Showing how US Military Strategy works

“When we understand that slide, we’ll have won the war” said Gen. McChrystal of the spaghetti bowl powerpoint slide used to demonstrate the complexity of the war in Afghanistan in 2010.

stability afghanistan 2010
Yikes…

Now, today, I’m not planning on clarifying what stability in Afghanistan was supposed to look like or how the above graphic could have been improved… But it is imperative that all learning experience designers and presenters in general recognize what a zero looks like on scale of 1 to 10.

A less frequently repeated quote from that Spring of 2010 was that “some problems in the world are not bullet-izable.” Gen. McMaster was right when he told the New York Times about the false benefits of powerpoint presentations in general and the gross amount of time wasted on them.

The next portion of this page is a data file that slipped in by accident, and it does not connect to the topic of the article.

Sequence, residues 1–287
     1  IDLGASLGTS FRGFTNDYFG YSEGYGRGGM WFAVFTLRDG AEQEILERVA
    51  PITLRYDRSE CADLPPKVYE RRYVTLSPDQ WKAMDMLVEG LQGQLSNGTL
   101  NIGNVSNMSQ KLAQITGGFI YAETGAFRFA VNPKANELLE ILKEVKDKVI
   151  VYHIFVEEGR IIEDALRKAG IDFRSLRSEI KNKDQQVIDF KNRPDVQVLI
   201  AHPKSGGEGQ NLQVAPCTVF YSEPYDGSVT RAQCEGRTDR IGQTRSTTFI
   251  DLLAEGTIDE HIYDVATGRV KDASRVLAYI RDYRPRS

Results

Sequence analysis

content + Powerpoint slides ≠ understandable

And that leads to another critically important point – the use of technology does not equal better or more understandable training. Students of instructional design learn this on day one. Using Powerpoint doesn’t make the learning experience better than a textbook; and Captivate doesn’t make the learning experience better than Powerpoint; and a Halo Lens (i.e. virtual reality) doesn’t make the learning experience better than Captivate. And so on…

Here’s the takeaway for today: the medium for training is only as useful as the learning design being applied to it. Remember that a stale, old Powerpoint does not get better when you Captivate it, add audio, and let people click a ‘next’ button. Let’s respect the process of making better, more engaging, less content-heavy learning experiences. Only when we bring stability to our presentations will we be able to bring stability to Afghanistan.

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